Participant eligibility criteria

Patients eligible for this analysis must (1) be aged 18 years or older, (2) be overweight (BMI ≥25 kg/m2) at initial visit, and (3) have had at least one weight-prioritized visit in a participating clinic. Exclusion criteria in the original protocol include limited cognitive ability, have a non-home residence, or have less than 1-year life expectancy. Ultimately, these were not applied due to the inability to obtain the necessary fields in the data extraction; however, the number of individuals that would be excluded based on these criteria is expected to be minimal and balanced across the study arms. Weight-prioritized visits are defined as the chief complaint or reason for the visit being at least one of the following: (1) “overweight,” “obesity,” or “weight,” (2) ICD-10-CM codes for billing E66–E.66.9, Z68.25–45, (3) use of the “obesity brief HPI” Epic flowsheet, or (4) the PATHWEIGH patient questionnaire.

Data collection and management

De-identified data will be extracted from Epic (the electronic medical record) from March 17, 2020, to March 16, 2021, then every 6 months from March 17, 2021, until September 17, 2025. The study timeline is depicted in a SPIRIT diagram in Fig. 3. Data extraction will be performed by Health Data Compass, the Colorado Center for Personalized Medicine’s cloud-based enterprise data warehouse and management platform. Health Data Compass extracts de-identified data using a proprietary process, wherein all data are checked for process compliance and missingness prior to release to the study team. As these data are de-identified, informed consent was not utilized. However, a written informed consent process was utilized for specified, individually contacted patients and practice members for the purposes of the implementation evaluation.

Fig. 3
figure 3

SPIRIT diagram

Retrospective data will be collected on all patient encounters at the 57 primary care clinics at the specified times described above. Specifically, how many patient visits occurred at each clinic, how many discrete patients were seen at each clinic, how many patients were ≥18 years old with a BMI ≥ 25 kg/m2, and how many patients who were ≥18 years old with a BMI ≥25 kg/m2 had a weight-prioritized visit (either in person or by telehealth). These data will be illustrated in an Expanded CONSORT diagram [31]. Data will be stored on a secure data server with access provided to the study statisticians. The statisticians will not be blinded to the assignment of the interventions.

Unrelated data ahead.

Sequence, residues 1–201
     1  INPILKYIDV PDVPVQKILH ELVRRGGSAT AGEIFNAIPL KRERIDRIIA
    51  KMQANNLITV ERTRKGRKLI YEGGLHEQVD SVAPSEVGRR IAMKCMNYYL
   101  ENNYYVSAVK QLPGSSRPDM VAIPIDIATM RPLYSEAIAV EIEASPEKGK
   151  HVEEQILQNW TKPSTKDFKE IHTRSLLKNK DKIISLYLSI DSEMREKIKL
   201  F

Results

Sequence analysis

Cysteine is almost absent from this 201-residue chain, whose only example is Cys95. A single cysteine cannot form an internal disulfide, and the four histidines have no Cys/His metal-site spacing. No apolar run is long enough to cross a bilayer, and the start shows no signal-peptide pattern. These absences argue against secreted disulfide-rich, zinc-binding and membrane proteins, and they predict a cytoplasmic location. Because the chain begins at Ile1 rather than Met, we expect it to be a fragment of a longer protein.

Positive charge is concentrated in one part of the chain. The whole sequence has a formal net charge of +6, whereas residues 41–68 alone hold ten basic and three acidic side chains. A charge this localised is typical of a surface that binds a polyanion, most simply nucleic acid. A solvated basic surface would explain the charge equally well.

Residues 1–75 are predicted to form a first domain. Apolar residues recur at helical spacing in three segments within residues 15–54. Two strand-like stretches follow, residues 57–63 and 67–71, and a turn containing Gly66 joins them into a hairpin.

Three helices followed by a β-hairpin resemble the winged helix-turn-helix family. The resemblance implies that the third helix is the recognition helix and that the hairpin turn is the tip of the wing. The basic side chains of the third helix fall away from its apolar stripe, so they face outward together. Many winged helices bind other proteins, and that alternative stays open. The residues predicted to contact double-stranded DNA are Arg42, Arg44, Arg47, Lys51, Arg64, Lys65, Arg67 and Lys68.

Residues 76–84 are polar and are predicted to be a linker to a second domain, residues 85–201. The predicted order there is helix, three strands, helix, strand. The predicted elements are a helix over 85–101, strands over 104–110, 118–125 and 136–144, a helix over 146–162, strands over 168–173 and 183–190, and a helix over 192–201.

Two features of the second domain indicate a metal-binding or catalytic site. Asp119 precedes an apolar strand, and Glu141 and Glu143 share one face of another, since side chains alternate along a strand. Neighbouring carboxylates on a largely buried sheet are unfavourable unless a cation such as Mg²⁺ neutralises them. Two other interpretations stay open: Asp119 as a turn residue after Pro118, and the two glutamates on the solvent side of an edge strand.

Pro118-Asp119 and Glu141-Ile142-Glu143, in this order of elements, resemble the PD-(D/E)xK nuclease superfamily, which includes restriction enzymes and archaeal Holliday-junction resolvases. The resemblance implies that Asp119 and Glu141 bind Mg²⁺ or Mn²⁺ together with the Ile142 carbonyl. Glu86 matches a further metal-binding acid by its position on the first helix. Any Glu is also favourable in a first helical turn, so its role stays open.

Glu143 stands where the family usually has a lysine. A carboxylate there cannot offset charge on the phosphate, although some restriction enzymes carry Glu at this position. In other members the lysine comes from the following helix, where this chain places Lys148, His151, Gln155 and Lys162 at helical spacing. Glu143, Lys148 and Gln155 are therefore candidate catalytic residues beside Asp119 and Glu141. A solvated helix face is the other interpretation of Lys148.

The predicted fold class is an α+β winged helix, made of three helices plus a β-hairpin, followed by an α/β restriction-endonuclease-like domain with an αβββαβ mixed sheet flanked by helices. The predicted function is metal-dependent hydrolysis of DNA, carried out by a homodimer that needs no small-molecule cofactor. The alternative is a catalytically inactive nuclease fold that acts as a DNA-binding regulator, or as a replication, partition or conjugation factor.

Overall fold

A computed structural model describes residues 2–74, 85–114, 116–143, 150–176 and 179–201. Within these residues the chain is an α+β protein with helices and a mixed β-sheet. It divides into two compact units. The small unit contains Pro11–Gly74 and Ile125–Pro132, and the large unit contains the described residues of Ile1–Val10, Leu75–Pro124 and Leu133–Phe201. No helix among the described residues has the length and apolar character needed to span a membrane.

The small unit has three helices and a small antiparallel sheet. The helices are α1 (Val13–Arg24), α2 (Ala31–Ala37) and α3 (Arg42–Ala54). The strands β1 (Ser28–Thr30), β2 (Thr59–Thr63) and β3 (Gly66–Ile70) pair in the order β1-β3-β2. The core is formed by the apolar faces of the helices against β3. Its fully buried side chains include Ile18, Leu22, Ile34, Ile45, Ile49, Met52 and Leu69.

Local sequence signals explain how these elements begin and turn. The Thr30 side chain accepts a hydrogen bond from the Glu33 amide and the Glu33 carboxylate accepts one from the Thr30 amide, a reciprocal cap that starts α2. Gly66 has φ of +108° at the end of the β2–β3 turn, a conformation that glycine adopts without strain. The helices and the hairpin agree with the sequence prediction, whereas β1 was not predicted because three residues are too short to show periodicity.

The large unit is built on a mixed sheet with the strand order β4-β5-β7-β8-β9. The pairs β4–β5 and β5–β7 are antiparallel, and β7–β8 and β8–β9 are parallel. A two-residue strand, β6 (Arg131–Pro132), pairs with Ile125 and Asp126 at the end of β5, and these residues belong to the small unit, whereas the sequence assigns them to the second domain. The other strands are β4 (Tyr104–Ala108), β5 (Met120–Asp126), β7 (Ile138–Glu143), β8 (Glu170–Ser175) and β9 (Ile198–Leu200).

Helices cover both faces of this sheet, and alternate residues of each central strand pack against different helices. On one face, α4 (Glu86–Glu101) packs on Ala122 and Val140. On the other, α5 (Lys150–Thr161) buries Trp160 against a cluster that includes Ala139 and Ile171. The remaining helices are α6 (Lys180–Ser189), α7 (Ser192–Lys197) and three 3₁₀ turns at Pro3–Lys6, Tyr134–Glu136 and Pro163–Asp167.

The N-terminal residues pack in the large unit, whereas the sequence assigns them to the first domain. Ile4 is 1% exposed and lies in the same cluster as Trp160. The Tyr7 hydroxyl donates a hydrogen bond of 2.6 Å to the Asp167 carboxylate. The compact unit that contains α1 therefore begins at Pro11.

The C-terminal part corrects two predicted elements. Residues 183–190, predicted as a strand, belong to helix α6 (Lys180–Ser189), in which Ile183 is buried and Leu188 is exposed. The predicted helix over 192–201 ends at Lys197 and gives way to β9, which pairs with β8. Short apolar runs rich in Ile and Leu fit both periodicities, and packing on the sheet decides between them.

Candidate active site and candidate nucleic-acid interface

Sample size

A conservative sample size estimate is 6840 total patients (120 patients per clinic from 57 clinics) that assume a minimum of 30 eligible patients per clinic per year based on the smallest clinic. We present the power calculations assuming an intraclass correlation coefficient (ICC) between 0.02 and 0.05. With this design, we will have 80% power (alpha=0.05, two-sided) to detect a standardized effect size of 0.118 (ICC=0.02) to 0.121 (ICC=0.05). For our primary effectiveness outcomes, we estimate a standard deviation (SD) of 10.1 percentage points for percentage change in weight using our pilot study, and a similar SD estimate of 10.7 for absolute (kg) change in weight. Thus, with 80% power we can detect a mean difference in weight change of 1.19 (ICC=0.02) to 1.22 (ICC=0.05) percentage points between the control and intervention conditions, and a mean difference in absolute weight change of 1.26 kg (ICC=0.02) to 1.29 kg (ICC=0.05).

Interventions

Current standard of care (SOC)

SOC will be the control condition that patients will receive during the control phases of the design. Clinics in the SOC condition will conduct visits in which weight may be discussed (defined as “weight-prioritized” for purposes of data extraction) without access to either the PATHWEIGH tools in Epic or the PATHWEIGH implementation strategies. Current SOC for obesity in the primary care clinics is called “obesity – brief history of present illness (HPI),” and the option to select “Obesity brief HPI” is currently available to all Epic users at all practices. For an example of the Obesity brief HPI questionnaires, see Additional File Fig. S1. For a weight prioritized visit, this entails a brief historical intake of a patient’s weight and is intended to initiate a discussion regarding potential strategies for weight loss. Because SOC can be highly variable, we will conduct fidelity checks by performing sensitivity analyses for the use of the “Obesity brief HPI” in the SOC clinics at our every 6-month data extractions. A change in the use of the “Obesity brief HPI” by more than 30% between 6-month intervals will be investigated. There are currently no systematic weight management interventions at the clinics.

PATHWEIGH: Clinical workflow and management

PATHWEIGH is a workflow optimization and management system for weight management built into Epic (Fig. 4). The PATHWEIGH tools in Epic are designed to address numerous barriers to prioritizing weight management in primary care [8]. Once practices transition to receive the intervention, PATHWEIGH will be “turned on” within Epic and the PATHWEIGH implementation strategies will be provided. The key components of PATHWEIGH are summarized in Table 2 and include (1) encouraging patients to schedule a weight-prioritized visit if they would like medical assistance with weight management, (2) improving workflow efficiency around weight-prioritized visits, and (3) clinical decision support during weight-prioritized visits.